Most people don’t love themselves…they don’t even like themselves. There are a variety of reasons for this, but most of them center on the fact that we tend to believe that other say about us. So, if you grow up hearing how awful or stupid you are, then even when you’re out of that situation, that’s what you’ll keep telling yourself.
Yet, with social media, we’ve seen the rise of selfies. Like anyone, I tend to get tired of seeing photo after photo that someone takes of themselves (unless they are traveling or doing something). Often, selfies are posted for positive attention. I do have friends and family who post selfies simply because they love themselves. I tend to post pictures of my work and other things under the My Day feature in messenger. I do what I love. I love me. With the technology we have, it makes it easier than ever to share what we look like, what we do, and even how we feel about ourselves.
Lately, there’s been a rise in links shared through Facebook about how selfies are linked to narcissism. That’s misleading at best. First, everyone has narcissistic tendencies. It’s just built-in. You can say it is cultural (for those of you in the United States, like me, or in other countries that center life on the individual instead of society). You can say it is human nature. Call it what you want. Everyone has the tendency to be selfish and to say, “What about me? What’s in it for me? Look at me!” That’s not narcissism. Loving yourself (even if you display it through selfies) isn’t narcissism. Narcissism is much darker. It is a diagnosable mental condition. I say condition as opposed to illness because narcissism is hard to treat and most narcissists do not change. They are out for number one at the cost of everyone else. Posting a selfie on a day that you love you isn’t narcissism.
It is okay to love yourself. It is okay to take a selfie because you love your outfit, your makeup, no makeup, or whatever. It is okay to admit to yourself that you are smart. It is okay to feel pretty. It is okay to be talented. It is okay to recognize your own creativity. The only time this is an issue is when you do it in a way that you purposefully make someone else feel bad. At that point, you aren’t loving yourself. You are trying to convince yourself that you’re okay when you know you aren’t.
How Can You Begin to Love Yourself?
So, in a time where we are inundated with messages from society and from others that we aren’t good enough, how can you begin to love yourself? The answer to that is easy in theory, but people struggle with actually doing it. I can say that I started doing this probably five years ago. It took probably two years before I began to see a difference. Now? Now I love me and I don’t care what other people think about it. Here’s what I did:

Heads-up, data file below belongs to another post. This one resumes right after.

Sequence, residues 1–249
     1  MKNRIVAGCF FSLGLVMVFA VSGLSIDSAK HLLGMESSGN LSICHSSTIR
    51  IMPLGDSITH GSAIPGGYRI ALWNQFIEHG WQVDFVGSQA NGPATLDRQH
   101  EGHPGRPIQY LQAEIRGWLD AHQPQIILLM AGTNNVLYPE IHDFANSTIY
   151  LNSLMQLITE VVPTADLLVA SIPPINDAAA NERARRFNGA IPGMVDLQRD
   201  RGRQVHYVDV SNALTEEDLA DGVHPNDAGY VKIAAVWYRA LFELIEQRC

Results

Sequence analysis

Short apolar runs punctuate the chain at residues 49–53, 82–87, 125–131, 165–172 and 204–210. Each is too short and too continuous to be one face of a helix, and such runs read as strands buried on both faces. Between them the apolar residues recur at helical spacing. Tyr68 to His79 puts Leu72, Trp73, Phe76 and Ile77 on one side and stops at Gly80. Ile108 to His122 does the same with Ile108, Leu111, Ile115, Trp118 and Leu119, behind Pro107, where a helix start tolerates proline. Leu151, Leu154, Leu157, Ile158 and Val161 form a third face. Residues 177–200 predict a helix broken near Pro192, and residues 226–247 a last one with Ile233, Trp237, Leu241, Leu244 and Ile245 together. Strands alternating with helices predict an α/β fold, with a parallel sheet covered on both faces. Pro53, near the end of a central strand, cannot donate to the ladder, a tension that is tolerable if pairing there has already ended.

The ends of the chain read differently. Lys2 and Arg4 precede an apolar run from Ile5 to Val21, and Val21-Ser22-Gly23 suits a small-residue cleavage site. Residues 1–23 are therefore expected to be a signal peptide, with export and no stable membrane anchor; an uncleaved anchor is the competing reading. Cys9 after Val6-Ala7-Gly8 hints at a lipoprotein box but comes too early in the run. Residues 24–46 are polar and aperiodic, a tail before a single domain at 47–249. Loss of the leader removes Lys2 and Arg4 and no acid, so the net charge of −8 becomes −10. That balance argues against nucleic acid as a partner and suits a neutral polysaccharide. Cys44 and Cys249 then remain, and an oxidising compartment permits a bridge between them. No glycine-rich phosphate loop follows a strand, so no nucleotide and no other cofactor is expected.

- Start each day with enough time that I don’t feel rushed. I was teaching various legal courses at the time. Classes started at 8 AM. I tried to be on campus and in my classroom by 7:30 AM. I started getting up earlier to get ready or to even just sit around and enjoy the quiet. Now that I work from home, I still get up early, but it’s rarely because I feel rushed.
- Employ positive affirmations. Yes, really. And, yes, I felt like an idiot when I first started using them. I started by finding some Buddhist ones about being peaceful because I was fighting a huge war within myself. Eventually, I began to add others that built me up as a person. I just read mine from a sheet of paper. You don’t even have to read them out loud. Just read them.
- I would stop negative thoughts about myself. This was probably the hardest one for me to do. If I said to myself that I was stupid for doing something or not doing something, I immediately stopped that thought and replaced it with something more positive. Even if what I did wasn’t the smartest, I didn’t have to be mean to myself about it. I wouldn’t ever talk to a child in a demeaning way…so why would I talk to myself (a mother of children) in that way? I would say, “Okay, so there was probably a better solution. What can I do next time to make this better?” I would also remind myself that I was not stupid. I’ve even been known to remind myself of past accomplishments and even the results of intellectual measurement (not the only indicator of not being stupid).
- I started to use meditation and binaural beats. I found some guided meditations on YouTube related to anxiety and self-worth. I made time for this every day. There are some really short ones out there if you are worried about the time it could take. You can make five minutes for this. I started a list of binaural beats on Spotify. Make sure you wear headphones. Look for ones you like related to anxiety, depression, self-worth, energy, success, or whatever it is that you need.
It really is okay to love yourself. Loving yourself makes you more confident in your decision making. It makes you happier overall, too.